What is Thalamus Responsible for?

What is Thalamus Responsible for Picture
  • Why do you call the thalamus the ‘gateway’ to the cerebral cortex?
  • What is the structural importance of the thalamus in the brain?
  • Is the role of the thalamus as a relation active or passive?
  • How do you make perception out of a sensation?

S. Murray Sherman and Ray W. Guillery (2001) in their book “Exploring the Thalamus”highlighted the role of the thalamus as the ‘gateway’ to the cortex. According to them, it is the major relay station to your cerebral cortex.

Everything you know about yourself or the world around is owed to the messages passing through the thalamus.

Sandwiched between the outer layer of the cerebrum – the cerebral cortex – and the midbrain, the thalamus makes one of the three parts of the diencephalon, with the other two being the hypothalamus, and the third ventricle.

Did you know the diencephalon is also called the interbrain or the between brain?

In the book “The Thalamus”, Edward G. Jones (2012) gave the tripartite division of the thalamus. That is, it consists of three parts, viz. the dorsal, ventral, and epithalamus. Among these three divisions, it is only the dorsal thalamus which both sends to receives fibres from the cerebral cortex and striatum.

The ventral division only receives fibres from both the sides, i.e. the cerebral cortex and the striatum. The third division, the epithalamus, neither sends nor receives axons from either side.

Here striatum or corpus striatum is a crucial component of the motor and reward system, which coordinates multiple aspects of cognition such as motivation, reward perception, reinforcement, and decision-making.

Functions of Thalamus in the Brain:

Though making an insignificant contribution to the overall brain mass, the thalamus plays an important role in getting an understanding of the world around.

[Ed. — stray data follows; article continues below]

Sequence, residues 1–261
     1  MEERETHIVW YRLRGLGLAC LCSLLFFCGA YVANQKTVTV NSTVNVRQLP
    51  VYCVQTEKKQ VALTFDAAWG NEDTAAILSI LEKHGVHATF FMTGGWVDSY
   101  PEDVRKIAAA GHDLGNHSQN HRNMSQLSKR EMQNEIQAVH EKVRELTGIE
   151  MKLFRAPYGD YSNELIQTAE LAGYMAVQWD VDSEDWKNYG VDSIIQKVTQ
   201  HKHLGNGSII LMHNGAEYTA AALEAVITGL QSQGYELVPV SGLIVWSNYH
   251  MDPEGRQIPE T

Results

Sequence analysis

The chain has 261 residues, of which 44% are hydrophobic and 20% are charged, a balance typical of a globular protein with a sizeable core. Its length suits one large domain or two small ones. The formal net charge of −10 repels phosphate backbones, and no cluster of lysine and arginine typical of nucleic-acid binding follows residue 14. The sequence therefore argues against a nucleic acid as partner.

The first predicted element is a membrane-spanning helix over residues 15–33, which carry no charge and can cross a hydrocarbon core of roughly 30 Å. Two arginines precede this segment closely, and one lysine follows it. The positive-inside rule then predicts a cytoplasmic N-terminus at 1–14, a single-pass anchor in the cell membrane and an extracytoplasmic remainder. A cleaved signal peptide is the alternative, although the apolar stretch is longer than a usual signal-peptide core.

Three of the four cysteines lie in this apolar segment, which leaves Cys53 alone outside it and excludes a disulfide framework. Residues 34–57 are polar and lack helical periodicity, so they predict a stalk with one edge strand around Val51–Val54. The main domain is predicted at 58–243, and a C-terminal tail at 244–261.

The latest research refutes the previous belief about the thalamus that it only passively relays the sensory information to the cortex.

This part of the brain has now been acknowledged as actively regulating the information that it transmits to the cortical areas.

Below are some of the main functions of thalamus in the brain:

A Connecting Link:

Structurally, the thalamus makes a connecting link between the cerebral cortex and other parts of the brain and the spinal cord. The sensory information collected from different sensory organs passes through this part of the brain to reach the cerebral cortex.

A Relay Station:

Chapter on “Diencephalon: Thalamus” in “The Brain and Behaviour: An Introduction to Behavioural Neuroanatomy” (David L. Clark et al, 2010) highlights the role of the thalamus as a relay station.

It is made up of several nuclei – where a nucleus is a cluster of neurons – and acts as a principal relay station for the sensory information going towards the cerebral cortex for processing and generation of a response signal.

Waking Behaviour:

Did you know the thalamus plays a dynamic and interesting role in regulating your normal waking behaviour? It feeds to the cerebral cortex a changeable relay of information.

In this way, the nature of relayed information can be adjusted corresponding to the changing behavioural demands.

Another interesting role of the thalamus in regulating the waking behaviour is that it not only relays peripheral information to the cortex but also plays a vital role in further processing of this information in the cortical areas.


Cognition is a process by which you develop an understanding of the world around you. It is believed to be processed in the cerebral cortex. Recently, the researchers have also acknowledged the role of the thalamus in the functioning of the cortex and higher-order cognition ranging from learning to memory.

Role in Memory:

Among the cognitive functions of the thalamus, memory was probably the first to be formally associated with this part of the brain. The mediodorsal thalamus and the anterior thalamic nucleiare both regarded as playing a role in this connection.

According to the findings of Aggleton and Brown (1999), the mediodorsal thalamus supports familiarity-based memory while the anterior thalamic nuclei support recollective memory.


Learning is an important cognitive function formally associated with the thalamus. It not only plays a role in initial learning but also keeps on monitoring and updating current information within a changing situation.

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